Iowa's capital is known for being home to the State Fair, but Des Moines also gives artists, foodies and explorers plenty to love.

By Rahemma Mayfield

1) John and Mary Pappajohn Sculpture Park You'll find 28 playful, surreal and modern sculptures at the park. The Des Moines Art Center curates the collection, which looks especially fabulous at night when lights illuminate the oversize sculptures. Enjoy walking through the sculptures on your own, or make a reservation for a one-hour guided tour.

Pappajohn Sculpture Park
Pappajohn Sculpture Park

2) Downtown Farmers Market More than 200 vendors sell fresh produce, street food and other products along downtown streets on Saturday mornings May through October.

3) Architecture and history tours Overlooking downtown, the gold-domed Iowa State Capitol ( dazzles with ornate architecture; take a free tour. Across the Des Moines River, sits the World Food Prize Hall of Laureates  (, originally the home of the Des Moines Public Library; see the restored Beaux Arts building during free tours on Tuesdays and Saturdays. English Manor-style Salisbury House and Gardens (, completed in 1928, intrigues both architecture and art buffs. Terrace Hill (, now home to Iowa's first families, reflects the elegance of the Victorian Era with Second Empire architecture and charming gardens.

Salisbury House
Salisbury House

4) Des Moines Art Center The outstanding collection features works by Edward Hopper, Henri Matisse and others. Large, airy galleries reflect the different styles of three architects: Eliel Saarinen, I.M. Pei and Richard Meier. Free admission.

5) Iowa State Fair Of the 200-plus food vendors, more than 50 hawk foods on a stick. And more than 1 million people attend to see grand spectacles, including a cow sculpted from butter, giant produce and llivestock like the 1,000-pound-plus Big Boar.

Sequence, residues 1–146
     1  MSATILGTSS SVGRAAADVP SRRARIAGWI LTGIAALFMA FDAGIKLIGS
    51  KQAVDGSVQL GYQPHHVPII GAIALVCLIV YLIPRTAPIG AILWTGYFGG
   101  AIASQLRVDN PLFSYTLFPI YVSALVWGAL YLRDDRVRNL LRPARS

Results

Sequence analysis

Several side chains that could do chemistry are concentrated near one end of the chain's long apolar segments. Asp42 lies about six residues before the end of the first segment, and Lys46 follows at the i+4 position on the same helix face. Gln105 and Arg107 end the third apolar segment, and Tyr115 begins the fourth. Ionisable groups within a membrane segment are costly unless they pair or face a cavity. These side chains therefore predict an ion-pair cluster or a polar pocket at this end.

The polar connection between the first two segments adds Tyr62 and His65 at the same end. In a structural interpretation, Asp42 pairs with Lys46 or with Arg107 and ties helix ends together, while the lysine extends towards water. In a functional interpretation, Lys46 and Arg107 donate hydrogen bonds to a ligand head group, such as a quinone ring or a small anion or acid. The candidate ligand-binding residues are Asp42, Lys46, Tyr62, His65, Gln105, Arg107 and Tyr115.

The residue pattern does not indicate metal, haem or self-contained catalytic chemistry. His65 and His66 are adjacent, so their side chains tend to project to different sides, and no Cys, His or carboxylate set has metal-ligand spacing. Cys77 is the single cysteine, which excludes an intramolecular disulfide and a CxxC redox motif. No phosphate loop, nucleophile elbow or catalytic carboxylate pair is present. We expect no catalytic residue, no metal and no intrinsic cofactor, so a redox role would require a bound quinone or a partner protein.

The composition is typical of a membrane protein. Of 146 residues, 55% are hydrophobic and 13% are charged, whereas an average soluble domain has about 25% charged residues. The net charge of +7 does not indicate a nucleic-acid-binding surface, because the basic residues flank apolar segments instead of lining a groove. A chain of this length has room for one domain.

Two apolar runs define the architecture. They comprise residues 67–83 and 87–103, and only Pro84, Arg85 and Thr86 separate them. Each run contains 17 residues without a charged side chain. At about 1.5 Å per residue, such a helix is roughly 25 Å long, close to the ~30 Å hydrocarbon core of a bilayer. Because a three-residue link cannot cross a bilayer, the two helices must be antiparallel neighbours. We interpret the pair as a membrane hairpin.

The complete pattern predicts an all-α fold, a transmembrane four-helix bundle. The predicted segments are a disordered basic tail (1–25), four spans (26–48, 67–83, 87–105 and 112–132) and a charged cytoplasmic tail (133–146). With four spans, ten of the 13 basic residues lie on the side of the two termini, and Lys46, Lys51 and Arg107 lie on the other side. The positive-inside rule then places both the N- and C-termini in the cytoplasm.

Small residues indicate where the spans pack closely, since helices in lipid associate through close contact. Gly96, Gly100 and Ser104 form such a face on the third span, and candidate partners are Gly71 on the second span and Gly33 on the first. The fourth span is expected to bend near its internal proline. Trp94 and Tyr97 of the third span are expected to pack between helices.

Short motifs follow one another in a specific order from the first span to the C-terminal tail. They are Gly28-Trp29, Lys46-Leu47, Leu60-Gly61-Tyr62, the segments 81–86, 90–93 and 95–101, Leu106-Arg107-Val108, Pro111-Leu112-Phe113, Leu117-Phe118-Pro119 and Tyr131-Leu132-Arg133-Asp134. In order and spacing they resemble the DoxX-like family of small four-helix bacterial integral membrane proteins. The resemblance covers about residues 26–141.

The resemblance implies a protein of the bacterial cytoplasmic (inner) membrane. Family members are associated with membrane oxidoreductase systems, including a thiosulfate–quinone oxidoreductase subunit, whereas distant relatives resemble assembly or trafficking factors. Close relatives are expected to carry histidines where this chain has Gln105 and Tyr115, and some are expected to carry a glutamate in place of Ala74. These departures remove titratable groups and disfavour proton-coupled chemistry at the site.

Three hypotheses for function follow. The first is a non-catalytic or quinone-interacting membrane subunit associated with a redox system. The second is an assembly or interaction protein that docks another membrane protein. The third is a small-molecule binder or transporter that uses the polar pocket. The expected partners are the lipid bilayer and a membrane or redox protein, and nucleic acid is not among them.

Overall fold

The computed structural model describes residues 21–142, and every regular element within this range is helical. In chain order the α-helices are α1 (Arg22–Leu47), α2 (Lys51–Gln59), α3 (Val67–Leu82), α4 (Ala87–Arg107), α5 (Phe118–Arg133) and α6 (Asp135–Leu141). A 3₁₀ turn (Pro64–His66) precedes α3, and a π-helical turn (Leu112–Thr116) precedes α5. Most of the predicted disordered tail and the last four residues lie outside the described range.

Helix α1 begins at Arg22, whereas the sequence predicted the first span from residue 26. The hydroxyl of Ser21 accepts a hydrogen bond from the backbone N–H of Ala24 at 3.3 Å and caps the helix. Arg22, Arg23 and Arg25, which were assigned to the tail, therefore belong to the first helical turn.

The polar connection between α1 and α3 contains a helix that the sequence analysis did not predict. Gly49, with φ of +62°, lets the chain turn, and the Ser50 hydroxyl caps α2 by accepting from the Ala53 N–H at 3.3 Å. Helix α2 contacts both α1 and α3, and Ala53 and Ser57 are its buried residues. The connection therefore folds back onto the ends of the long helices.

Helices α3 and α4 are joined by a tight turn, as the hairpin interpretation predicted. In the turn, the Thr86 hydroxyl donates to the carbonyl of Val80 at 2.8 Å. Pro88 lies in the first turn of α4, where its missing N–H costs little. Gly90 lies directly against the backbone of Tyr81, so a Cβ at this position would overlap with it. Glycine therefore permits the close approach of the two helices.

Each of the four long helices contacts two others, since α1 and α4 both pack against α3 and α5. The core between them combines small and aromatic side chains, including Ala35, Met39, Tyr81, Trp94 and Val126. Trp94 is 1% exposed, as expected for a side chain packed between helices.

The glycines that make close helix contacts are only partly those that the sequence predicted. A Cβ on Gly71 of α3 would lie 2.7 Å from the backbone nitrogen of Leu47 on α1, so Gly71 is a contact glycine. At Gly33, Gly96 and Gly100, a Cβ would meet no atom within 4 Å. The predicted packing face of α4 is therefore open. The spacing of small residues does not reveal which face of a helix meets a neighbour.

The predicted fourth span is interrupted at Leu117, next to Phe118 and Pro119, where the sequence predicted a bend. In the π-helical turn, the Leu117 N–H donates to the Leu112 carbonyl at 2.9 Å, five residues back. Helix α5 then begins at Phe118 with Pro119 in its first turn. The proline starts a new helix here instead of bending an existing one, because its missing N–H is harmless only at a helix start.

Iowa State Fair

6) Living History Farms This 500-acre living-history site taps Iowa's rural roots with its 1700 Ioway Indians village, an 1850 working pioneer farm, the 1875 town of Walnut Hill, a 1900 horse-powered farm, and agricultural exhibits. Historical interpreters in period clothing demonstrate skills such as blacksmithing and cooking over fires.

7) Greater Des Moines Botanical Garden The recently-expanded outdoor gardens, which include a 220-foot-long alleé of maple trees, showcase a half-acre water feature with seasonal and tropical plantings. Inside the geodesic-domed conservatory, you'll find a photographer's paradise of tropical plants.

Des Moines Botanical Garden

8) Food scene Des Moines has undergone a dining transformation one kitchen at a time. A leader in this food revolution, restaurateur and chef George Formaro packs in crowds downtown at Centro (, featuring contemporary Italian cuisine. Other Formaro enterprises include Zombie BurgerSouth Union Bread CafeGateway Market and Cafe and Malo-just a few of the eateries that make Des Moines one of the Midwest's top food towns.

9) State Historical Museum Listen to tapes of coal miners at work, learn about Iowa's caucus system, see a battle flag preservation lab or carry pioneer-era water buckets with a shoulder yoke. Thoughtful exhibits display a wide range of artifacts, including locks of George Washington's hair and a pair of Abraham Lincoln's glasses. Free admission.

10) East Village At the base of Iowa's Capitol, the East Village combines stylish shopping and great dining. Browse for clothing at sweetly feminine Aimee (Aimee on Facebook); shop for top-quality seasonings at Allspice (; and find witty gifts at Raygun ( Try the contemporary American food at Alba ( or expertly made sushi at Miyabi 9 (